Cozen O’Connor attends OCIs at schools in the regions of its offices that run a summer program. It also conducts interviews at top law schools with students who want to practice in any of Cozen’s office locations that have a summer program. The firm interviews about 20 candidates at each school. In addition to this, the firm attends job fairs including, the Philadelphia Area Diversity Job Fair and the Allegheny County Bar Foundation Fellows Program. Hiring sources at the firm tell us “we are constantly evaluating the breadth of our recruitment drive to ensure that we are engaging the best talent for our firm.”
OCIs are conducted by two attorneys (normally partners) from the regional office, which tends to draw the most interest from students at a particular campus. “For example, we will have two attorneys from the firm’s Washington DC office conduct interviews at Georgetown,” hiring sources at the firm explain. In the interview, “we seek students who demonstrate sharp analytical thinking skills, leadership characteristics, and inquisitiveness about the career upon which they are embarking.” However, the most recent OCI recruiting season was conducted 100% virtually due to COVID-19.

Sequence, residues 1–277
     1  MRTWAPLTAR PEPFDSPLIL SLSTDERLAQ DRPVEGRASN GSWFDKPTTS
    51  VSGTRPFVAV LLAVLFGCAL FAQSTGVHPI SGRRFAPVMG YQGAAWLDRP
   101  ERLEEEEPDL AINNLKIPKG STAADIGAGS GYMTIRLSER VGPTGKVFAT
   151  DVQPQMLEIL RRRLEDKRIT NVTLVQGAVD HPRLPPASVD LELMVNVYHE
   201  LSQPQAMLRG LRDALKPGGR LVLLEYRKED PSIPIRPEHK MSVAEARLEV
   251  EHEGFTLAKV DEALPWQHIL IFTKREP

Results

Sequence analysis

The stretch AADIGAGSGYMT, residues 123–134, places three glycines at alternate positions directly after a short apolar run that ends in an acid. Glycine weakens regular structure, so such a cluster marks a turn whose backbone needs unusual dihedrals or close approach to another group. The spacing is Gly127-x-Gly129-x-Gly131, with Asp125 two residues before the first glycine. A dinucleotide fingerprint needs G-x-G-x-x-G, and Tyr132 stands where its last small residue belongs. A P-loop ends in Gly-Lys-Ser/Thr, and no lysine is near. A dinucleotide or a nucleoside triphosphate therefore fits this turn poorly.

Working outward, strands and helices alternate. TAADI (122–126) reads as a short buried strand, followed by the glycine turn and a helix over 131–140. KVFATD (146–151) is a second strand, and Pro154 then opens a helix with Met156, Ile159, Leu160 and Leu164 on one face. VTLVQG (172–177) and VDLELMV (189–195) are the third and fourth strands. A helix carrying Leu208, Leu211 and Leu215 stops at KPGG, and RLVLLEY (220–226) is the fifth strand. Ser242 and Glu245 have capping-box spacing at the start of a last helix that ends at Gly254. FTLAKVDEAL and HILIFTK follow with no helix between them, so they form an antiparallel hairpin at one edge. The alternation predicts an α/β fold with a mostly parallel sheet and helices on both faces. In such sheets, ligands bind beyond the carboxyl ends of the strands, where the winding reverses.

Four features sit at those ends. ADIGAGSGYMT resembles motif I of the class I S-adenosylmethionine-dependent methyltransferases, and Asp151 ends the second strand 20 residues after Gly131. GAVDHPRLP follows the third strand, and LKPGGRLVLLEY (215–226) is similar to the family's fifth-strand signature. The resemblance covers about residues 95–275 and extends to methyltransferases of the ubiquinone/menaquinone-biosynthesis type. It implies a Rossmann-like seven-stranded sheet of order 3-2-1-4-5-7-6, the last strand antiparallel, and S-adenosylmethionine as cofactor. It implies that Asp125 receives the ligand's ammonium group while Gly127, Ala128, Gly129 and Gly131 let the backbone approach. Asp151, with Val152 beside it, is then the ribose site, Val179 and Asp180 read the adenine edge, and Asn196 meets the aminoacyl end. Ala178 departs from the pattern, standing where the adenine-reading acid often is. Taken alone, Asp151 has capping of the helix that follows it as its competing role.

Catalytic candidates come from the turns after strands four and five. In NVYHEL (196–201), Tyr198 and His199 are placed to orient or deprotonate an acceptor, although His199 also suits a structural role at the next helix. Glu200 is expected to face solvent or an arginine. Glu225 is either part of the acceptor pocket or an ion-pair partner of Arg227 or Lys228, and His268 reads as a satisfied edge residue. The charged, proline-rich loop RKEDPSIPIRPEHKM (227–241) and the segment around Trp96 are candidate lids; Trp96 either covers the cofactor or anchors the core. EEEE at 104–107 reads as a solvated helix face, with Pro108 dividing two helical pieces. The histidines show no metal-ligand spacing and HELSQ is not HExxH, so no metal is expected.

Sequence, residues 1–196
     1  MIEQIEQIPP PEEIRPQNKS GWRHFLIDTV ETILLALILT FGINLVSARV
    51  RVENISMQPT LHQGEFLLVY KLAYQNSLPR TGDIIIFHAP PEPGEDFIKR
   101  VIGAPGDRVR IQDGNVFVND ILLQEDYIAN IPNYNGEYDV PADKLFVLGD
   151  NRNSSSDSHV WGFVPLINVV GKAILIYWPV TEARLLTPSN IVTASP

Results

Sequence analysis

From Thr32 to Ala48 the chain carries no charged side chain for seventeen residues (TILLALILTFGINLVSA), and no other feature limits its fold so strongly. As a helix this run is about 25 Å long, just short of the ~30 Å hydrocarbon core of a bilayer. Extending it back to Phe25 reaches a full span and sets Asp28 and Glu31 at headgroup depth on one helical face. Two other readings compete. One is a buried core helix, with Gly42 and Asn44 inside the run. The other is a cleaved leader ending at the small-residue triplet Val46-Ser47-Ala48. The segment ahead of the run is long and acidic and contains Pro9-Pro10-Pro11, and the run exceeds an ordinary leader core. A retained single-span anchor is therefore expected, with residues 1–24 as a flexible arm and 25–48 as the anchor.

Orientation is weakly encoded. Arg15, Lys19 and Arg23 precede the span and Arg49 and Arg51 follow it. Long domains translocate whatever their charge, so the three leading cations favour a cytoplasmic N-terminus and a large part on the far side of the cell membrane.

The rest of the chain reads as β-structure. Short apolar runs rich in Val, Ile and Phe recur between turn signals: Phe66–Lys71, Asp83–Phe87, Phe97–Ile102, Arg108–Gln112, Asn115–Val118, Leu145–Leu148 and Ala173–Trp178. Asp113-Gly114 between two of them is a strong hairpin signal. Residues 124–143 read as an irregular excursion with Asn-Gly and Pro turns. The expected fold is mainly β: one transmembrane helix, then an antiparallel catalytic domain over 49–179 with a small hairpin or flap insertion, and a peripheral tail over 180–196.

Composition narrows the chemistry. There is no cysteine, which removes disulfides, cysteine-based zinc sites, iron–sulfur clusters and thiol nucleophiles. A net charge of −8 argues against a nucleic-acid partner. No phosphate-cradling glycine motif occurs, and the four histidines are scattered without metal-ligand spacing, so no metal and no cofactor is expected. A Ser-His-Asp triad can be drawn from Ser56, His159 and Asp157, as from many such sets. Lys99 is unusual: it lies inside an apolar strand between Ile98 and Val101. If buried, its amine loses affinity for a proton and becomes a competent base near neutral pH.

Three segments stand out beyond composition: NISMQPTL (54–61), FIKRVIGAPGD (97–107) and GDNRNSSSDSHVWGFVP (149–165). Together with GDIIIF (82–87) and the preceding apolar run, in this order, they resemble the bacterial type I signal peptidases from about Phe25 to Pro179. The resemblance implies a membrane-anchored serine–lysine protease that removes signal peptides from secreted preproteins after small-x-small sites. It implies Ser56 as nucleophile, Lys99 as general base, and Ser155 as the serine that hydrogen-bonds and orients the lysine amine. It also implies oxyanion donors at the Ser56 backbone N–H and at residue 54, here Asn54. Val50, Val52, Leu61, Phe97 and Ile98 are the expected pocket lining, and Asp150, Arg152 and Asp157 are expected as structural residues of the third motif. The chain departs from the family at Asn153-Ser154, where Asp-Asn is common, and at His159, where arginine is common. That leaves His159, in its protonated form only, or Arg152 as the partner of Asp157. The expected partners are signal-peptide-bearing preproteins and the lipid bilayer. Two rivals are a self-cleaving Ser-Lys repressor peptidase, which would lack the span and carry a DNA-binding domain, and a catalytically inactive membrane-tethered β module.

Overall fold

Top tips for this stage:
“You should always know who is interviewing you and what they do. Once you know the basic background of your interviewers, it will be much easier to ask them more meaningful questions about their practice and the firm.” – hiring sources at the firm
Applicants invited to second stage interview: 49